37. 37. Gratz S, Schipper ML, Dorner J, Hoffken H, Becker W, et al. (2003) LeukoScan for imaging infection in different clinical settings: a retrospective evaluation and extended review of the literature. Clin Nucl Med 28: 267–276.
  38. 38. Ivancevic V, Perka C, Hasart O, Sandrock D, Munz DL (2002) Imaging of low-grade bone infection with a technetium-99 m labelled monoclonal anti-NCA-90 Fab' fragment in patients with previous joint surgery. Eur J Nucl Med Mol Imaging 29: 547–551.
  39. 39. Ryan PJ (2002) Leukoscan for orthopaedic imaging in clinical practice. Nucl Med Commun 23: 707–714.
  40. 40. Devillers A, Garin E, Polard JL, Poirier JY, Arvieux C, et al. (2000) Comparison of Tc-99 m-labelled antileukocyte fragment Fab' and Tc-99 m-HMPAO leukocyte scintigraphy in the diagnosis of bone and joint infections: a prospective study. Nucl Med Commun 21: 747–753.
  41. 41. Sciuk J, Puskas C, Greitemann B, Schober O (1992) White blood cell scintigraphy with monoclonal antibodies in the study of the infected endoprosthesis. Eur J Nucl Med 19: 497–502.
  42. 42. Gratz S, Behr TM, Reize P, Pfestroff A, Kampen WU, et al. (2009) (99 m)Tc-Fab' fragments (sulesomab) for imaging septically loosened total knee arthroplasty. J Int Med Res 37: 54–67.
  43. 43. Rubello D, Rampin L, Banti E, Massaro A, Cittadin S, et al. (2008) Diagnosis of infected total knee arthroplasty with anti-granulocyte scintigraphy: the importance of a dual-time acquisition protocol. Nucl Med Commun 29: 331–335.
  44. 44. Klett R, Kordelle J, Stahl U, Khalisi A, Puille M, et al. (2003) Immunoscintigraphy of septic loosening of knee endoprosthesis: a retrospective evaluation of the antigranulocyte antibody BW 250/183. Eur J Nucl Med Mol Imaging 30: 1463–1466.
  45. 45. Parvizi J, Zmistowski B, Berbari EF, Bauer TW, Springer BD, et al. (2011) New definition for periprosthetic joint infection: from the Workgroup of the Musculoskeletal Infection Society. Clin Orthop Relat Res 469: 2992–2994.
  46. 46. Fitzgerald RJ, Nolan DR, Ilstrup DM, Van Scoy RE, Washington JN, et al. (1977) Deep wound sepsis following total hip arthroplasty. J Bone Joint Surg Am 59: 847–855.
  47. 47. Greidanus NV, Masri BA, Garbuz DS, Wilson SD, McAlinden MG, et al. (2007) Use of erythrocyte sedimentation rate and C-reactive protein level to diagnose infection before revision total knee arthroplasty. A prospective evaluation. J Bone Joint Surg Am 89: 1409–1416.
  48. 48. Schinsky MF, Della VC, Sporer SM, Paprosky WG (2008) Perioperative testing for joint infection in patients undergoing revision total hip arthroplasty. J Bone Joint Surg Am 90: 1869–1875.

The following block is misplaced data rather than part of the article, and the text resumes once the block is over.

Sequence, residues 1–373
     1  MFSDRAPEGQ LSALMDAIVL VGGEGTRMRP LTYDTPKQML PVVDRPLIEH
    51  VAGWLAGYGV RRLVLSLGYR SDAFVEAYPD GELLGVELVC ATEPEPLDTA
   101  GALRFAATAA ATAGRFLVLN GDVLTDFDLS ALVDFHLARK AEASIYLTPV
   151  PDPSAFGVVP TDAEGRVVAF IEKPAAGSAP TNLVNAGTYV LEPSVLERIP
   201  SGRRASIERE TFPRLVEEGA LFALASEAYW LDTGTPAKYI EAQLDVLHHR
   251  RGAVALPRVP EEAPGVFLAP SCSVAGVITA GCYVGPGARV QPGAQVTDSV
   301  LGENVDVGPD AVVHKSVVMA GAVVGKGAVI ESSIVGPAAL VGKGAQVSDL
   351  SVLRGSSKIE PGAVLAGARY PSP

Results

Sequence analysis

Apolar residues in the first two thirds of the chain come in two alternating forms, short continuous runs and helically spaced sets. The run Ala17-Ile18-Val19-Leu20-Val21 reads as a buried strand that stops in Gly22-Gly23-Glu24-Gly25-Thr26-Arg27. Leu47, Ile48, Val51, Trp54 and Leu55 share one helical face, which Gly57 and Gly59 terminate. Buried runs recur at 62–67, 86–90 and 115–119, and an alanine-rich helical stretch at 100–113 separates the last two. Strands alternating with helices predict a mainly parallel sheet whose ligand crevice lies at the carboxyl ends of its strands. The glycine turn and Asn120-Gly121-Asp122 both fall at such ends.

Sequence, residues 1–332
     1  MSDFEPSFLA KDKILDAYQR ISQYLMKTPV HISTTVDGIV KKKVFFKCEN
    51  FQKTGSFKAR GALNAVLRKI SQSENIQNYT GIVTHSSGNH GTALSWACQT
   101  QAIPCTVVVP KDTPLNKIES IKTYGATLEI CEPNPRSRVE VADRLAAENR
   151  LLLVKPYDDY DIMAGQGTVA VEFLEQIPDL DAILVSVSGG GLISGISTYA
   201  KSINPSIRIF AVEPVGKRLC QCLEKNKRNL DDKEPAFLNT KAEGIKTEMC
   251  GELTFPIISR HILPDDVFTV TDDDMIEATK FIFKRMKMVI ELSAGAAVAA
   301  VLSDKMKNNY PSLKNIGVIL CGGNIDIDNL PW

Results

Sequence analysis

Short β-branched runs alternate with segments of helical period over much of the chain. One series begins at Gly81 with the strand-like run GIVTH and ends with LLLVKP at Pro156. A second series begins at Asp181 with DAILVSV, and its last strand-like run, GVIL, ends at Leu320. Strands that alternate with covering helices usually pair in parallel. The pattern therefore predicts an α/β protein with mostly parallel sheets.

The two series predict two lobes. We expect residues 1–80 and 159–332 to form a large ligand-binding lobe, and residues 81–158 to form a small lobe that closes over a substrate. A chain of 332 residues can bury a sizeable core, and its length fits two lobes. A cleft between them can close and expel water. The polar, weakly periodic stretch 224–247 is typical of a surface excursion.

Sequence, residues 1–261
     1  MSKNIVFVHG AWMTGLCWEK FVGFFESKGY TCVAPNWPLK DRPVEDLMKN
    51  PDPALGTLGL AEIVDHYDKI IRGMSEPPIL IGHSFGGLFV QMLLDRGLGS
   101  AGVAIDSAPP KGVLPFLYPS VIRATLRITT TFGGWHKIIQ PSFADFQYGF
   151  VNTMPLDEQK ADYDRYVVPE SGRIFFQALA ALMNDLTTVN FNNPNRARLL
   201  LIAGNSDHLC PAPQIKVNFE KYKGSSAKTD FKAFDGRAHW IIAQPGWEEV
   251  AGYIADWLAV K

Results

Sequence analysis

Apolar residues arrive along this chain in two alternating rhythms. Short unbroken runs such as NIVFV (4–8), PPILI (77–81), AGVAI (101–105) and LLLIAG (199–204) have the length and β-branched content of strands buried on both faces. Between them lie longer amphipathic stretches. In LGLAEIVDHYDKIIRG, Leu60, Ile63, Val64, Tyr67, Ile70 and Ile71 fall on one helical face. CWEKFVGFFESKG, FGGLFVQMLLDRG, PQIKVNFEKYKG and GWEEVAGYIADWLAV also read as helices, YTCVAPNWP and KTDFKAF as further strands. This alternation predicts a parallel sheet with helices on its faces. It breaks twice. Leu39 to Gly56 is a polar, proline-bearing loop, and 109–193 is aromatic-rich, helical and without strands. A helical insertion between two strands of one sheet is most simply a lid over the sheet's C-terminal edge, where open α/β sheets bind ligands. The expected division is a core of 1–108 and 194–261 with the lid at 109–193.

49. 49. O'Neill DA, Harris WH (1984) Failed total hip replacement: assessment by plain radiographs, arthrograms, and aspiration of the hip joint. J Bone Joint Surg Am 66: 540–546.
  50. 50. Tsaras G, Maduka-Ezeh A, Inwards CY, Mabry T, Erwin PJ, et al. (2012) Utility of intraoperative frozen section histopathology in the diagnosis of periprosthetic joint infection: a systematic review and meta-analysis. J Bone Joint Surg Am 94: 1700–1711.
  51. 51. Al-Sheikh W, Sfakianakis GN, Mnaymneh W, Hourani M, Heal A, et al. (1985) Subacute and chronic bone infections: diagnosis using In-111, Ga-67 and Tc-99 m MDP bone scintigraphy, and radiography. Radiology 155: 501–506.
  52. 52. Becker W, Palestro CJ, Winship J, Feld T, Pinsky CM, et al. (1996) Rapid imaging of infections with a monoclonal antibody fragment (LeukoScan). Clin Orthop Relat Res: 263–272.
  53. 53. Skehan SJ, White JF, Evans JW, Parry-Jones DR, Solanki CK, et al. (2003) Mechanism of accumulation of 99 mTc-sulesomab in inflammation. J Nucl Med 44: 11–18.
  54. 54. Pakos EE, Trikalinos TA, Fotopoulos AD, Ioannidis JP (2007) Prosthesis infection: diagnosis after total joint arthroplasty with antigranulocyte scintigraphy with 99 mTc-labeled monoclonal antibodies–a meta-analysis. Radiology 242: 101–108.
  55. 55. Diamond GA (1992) Off Bayes: effect of verification bias on posterior probabilities calculated using Bayes' theorem. Med Decis Making 12: 22–31.
  56. 56. Mol BW, Lijmer JG, van der Meulen J, Pajkrt E, Bilardo CM, et al. (1999) Effect of study design on the association between nuchal translucency measurement and Down syndrome. Obstet Gynecol 94: 864–869.
  57. 57. Cooper HJ, Della VC (2013) Advances in the diagnosis of periprosthetic joint infection. Expert Opin Med Diagn 7: 257–263.
  58. 58. Gallagher EJ (1998) Clinical utility of likelihood ratios. Ann Emerg Med 31: 391–397.
  59. 59. Jaeschke R, Guyatt G, Sackett DL (1994) Users' guides to the medical literature. III. How to use an article about a diagnostic test. A. Are the results of the study valid? Evidence-Based Medicine Working Group. JAMA 271: 389–391.